There’s plenty of indicators that can be used to predict the health of an economy
While my favourite is the mini-skirt index, the most reliable is when rich folk start building huge skyscrapers.
Whenever developers propose a hundred storey building it marks the top of the property cycle. Should they get to actually build the thing, you can be guaranteed a nasty economic downturn is about to hit.
The Skyscraper Index’s historical record
This track record was set with the very first megatower – the Empire State building was started just before the 1929 stock market crash and completed as the great depression tightened its hold on the United States.
Forty years later New York’s ill-fated World Trade Center opened just in time to welcome the 1973 oil shock and subsequent recession.
A more recent example is Dubai’s Burj Khalifa, the world’s tallest building which was topped out in time for the city’s property crash and economic rescue by neighbouring Abu Dhabi.
In Australia, the most notable downfall was 1980s entrepreneur Alan Bond who planned to build a 140 storey tower on the World Square site opposite Sydney’s Town Hall.
The site was excavated but Bond went broke before work started and the hole remained for over a decade until a more modest 40 storey tower was built on the site.
So the news that property developers want to build a 108 storey tower on Melbourne’s Southbank should worry the Victorian government and unsettle the state’s property owners.
What’s always notable about these super skyscrapers is the garishness of the project. While Australia 108 won’t match the Burj for sheer Las Vegas gaudiness, it will feature the ‘Star burst’, a star-shaped Sky Lobby and hotel at the top of the tower.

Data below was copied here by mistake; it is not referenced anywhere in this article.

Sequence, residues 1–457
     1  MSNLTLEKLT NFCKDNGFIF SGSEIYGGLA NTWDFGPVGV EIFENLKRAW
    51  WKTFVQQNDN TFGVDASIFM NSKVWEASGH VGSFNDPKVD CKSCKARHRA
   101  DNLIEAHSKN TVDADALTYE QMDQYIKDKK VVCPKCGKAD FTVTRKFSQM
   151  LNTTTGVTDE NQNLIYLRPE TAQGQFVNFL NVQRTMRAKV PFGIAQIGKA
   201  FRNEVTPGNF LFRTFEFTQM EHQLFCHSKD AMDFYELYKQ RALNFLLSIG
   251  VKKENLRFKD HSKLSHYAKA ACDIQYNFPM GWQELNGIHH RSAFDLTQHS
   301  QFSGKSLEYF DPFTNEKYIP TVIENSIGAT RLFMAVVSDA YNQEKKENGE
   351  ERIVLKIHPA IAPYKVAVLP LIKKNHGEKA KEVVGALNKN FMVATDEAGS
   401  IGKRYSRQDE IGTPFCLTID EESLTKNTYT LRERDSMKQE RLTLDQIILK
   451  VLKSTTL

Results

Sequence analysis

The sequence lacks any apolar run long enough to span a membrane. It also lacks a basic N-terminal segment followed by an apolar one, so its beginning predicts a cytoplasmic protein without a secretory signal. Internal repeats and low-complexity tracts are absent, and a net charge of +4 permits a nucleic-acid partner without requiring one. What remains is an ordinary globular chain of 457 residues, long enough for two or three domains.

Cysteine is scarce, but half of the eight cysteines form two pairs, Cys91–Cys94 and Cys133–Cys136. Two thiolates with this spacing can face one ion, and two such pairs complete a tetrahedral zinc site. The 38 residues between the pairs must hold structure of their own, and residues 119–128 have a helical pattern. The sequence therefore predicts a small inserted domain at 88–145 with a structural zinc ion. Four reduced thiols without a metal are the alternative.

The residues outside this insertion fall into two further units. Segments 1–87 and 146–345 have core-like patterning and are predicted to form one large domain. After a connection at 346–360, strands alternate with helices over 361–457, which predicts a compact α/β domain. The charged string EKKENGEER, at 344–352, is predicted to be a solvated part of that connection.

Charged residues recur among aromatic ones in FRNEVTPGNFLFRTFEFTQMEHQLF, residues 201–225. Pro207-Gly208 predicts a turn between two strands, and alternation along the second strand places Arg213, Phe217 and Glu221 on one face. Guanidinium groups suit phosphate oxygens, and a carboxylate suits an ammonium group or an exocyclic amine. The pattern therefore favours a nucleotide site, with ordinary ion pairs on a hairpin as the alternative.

Why the Skyscraper index works
The reason why 100 storey buildings are such a reliable economic indicator is because they illustrate there’s too much dumb money in the economy. It rarely makes sense to build such tall buildings.
Designing and building high rise buildings is complex and expensive – the higher you go, the more construction challenges there are as this Popular Mechanics article describes.
Skyscrapers are subject to the law of diminishing returns as the taller the building is, the more space that’s needed for services like elevators, air conditioning, water supplies and fire protection which reduces the landlord’s rentable floorspace on the lower levels.
When a building reaches a hundred storeys, there’s little space available on the lower floors for paying tenants. So the economics don’t add up.
Builders, property developers and financiers know this so when they start proposing projects that don’t make commercial sense it’s a fair indication the locals are gripped with irrational exuberance and Adam Smith’s invisible hand is going to deliver a short, sharp slap to the back of the economy’s head.
Does it matter to Australia?
And so it is in Melbourne, which is going to be interesting to watch as South East Queensland is the only Australian metropolitan area to suffer a prolonged property downturn in the last twenty years.
Hopefully Melbourne’s woes won’t affect the rest of the Australian economy but given how much the nation has invested in property and the stratospheric debt levels to service that speculation, it may well be that the rest of the country will follow Victoria.
Winning the next election might not be a good thing for Tony Abbot and his followers who genuinely believe a Liberal government will deliver a magic pudding to the home of every dinky-di Working Australian.